I met the gaze of a lonely, caged gorilla and saw a sadness in its eyes I will never forget.

Monday, January 21, 2008

2008 Labyrinth Masquerade Ball, Melbourne

Listening to Straight Lines by Silverchair


Information regarding this year's Labyrinth Masquerade Ball from the organiser:

'The date: will be Saturday the 12th of July.
The venue: The Regal Ballroom, 216 High st Northcote

Yes after a bit of a hunt for a different venues the organisers stumbled across this lovely place.

Some more things to add to the list;

Live entertainment.
Finger food
Fashion parade
Fantasy art exhibition
Decent bar prices
Similar games and competitions as last year

...and more

Tickets to this year event are still being discussed but at this stage its looking to be around $30 (rough estimate so far).'

I will update/edit this post as further details become available. See here for a couple of pics from last year. Going by the gorgeous venue alone and the effort previously made it promises to be even better!
[edit 15/05/08]
Guild of the Golden Owl, the official Melbourne, Labyrinth Masquerade Ball website

Monday, January 14, 2008

Peak hour musings

Ladies, if you must totter about in high heels do not do it going down the stairs to a train platform during peak hour. Do not stop a few tantalising steps from the bottom of the stairs for no apparent reason while there is a train waiting. Take the escalator down, or be sure to keep to the extreme left. A few of us almost missed our train tonight because of such a woman who, when I turned back to give her a dirty look, was blissfully unaware of our frustration.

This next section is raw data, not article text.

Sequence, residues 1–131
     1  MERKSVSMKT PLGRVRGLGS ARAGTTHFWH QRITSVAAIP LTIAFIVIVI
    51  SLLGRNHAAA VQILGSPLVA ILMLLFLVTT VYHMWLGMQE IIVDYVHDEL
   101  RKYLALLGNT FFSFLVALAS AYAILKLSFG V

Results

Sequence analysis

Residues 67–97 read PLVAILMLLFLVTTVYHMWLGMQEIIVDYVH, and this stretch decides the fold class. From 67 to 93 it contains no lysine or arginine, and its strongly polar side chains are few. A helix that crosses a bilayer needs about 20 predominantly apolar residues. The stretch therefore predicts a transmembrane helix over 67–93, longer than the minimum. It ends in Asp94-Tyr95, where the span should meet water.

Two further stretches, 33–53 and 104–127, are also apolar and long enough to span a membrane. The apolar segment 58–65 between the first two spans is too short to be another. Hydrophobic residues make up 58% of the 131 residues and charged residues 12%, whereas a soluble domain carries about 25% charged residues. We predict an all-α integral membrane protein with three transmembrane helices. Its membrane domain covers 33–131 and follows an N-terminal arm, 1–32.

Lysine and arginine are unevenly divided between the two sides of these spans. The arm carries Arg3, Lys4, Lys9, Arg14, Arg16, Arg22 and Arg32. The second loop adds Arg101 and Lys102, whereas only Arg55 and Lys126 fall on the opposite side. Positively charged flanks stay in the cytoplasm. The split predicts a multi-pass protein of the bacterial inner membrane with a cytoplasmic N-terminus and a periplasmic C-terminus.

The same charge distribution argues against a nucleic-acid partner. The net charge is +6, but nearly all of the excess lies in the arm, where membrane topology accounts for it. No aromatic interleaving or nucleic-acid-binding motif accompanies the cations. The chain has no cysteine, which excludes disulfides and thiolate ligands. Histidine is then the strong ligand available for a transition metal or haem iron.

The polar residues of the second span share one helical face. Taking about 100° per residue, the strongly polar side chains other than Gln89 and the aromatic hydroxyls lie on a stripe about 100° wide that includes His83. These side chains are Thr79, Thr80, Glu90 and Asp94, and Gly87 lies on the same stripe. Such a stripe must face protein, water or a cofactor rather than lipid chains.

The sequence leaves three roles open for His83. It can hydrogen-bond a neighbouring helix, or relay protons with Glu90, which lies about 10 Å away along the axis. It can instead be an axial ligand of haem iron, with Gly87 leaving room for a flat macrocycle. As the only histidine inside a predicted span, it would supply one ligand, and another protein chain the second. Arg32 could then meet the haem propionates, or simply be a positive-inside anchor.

Have some consideration for your fellow passengers' olfactory sensorial systems.
Wear deodorant, especially in Summer!

Don't lean your body against the poles in the train carriage/tram/bus. It is not a strip club. You are not pole dancing. You do not have an exclusive one on one relationship with the pole. Only your hand should be in contact with it. Other people need to hold onto the pole and they want as little of you as possible, in their personal space when they do so.

Saturday, January 12, 2008

Coypu in Florence, Italy

Listening to Super Massive Black Hole by Muse

Last year in Florence in the river near our hotel we saw what at first we thought were otters, water rats, and from initial research muskrats.

After hopping on the internet again (edited 18/01/08) I discovered they are most likely to be coypu*. The muskrat** is a very similar species. The coypu is a bigger animal with a pendulous, heavy body and a head shape more reminiscent of a capybara*** in its bluntness. It has a sleeker coat that is more reddish brown than grey. Having looked at lots of pictures of both I've decided we must have seen coypu. Both species were introduced for the fur trade.

Apparently they are also good eatin' going by some of the sites I've looked at.

Anyhooo, I found them interesting to watch as I tend to do with anything small and furry - or just new, special to me (last night I watched an orb weaving spider building its nightly web off our back verandah). Here are some sketches I did at the time (done from memory, they look more like muskrats, meh).

 photo Coypu_zpsce26a10d.jpg

 photo coypuTOP_zpsc749ceca.jpg

Coypu, Florence (drawings enlarged)
March 2007

Did you know...
...that the crested porcupine was introduced to Italy? Neither did I. Source: Wikipedia.

* Native to South America and called a nutria in America.
** Native to North America.
*** World's largest rodent, semi aquatic and also from South America.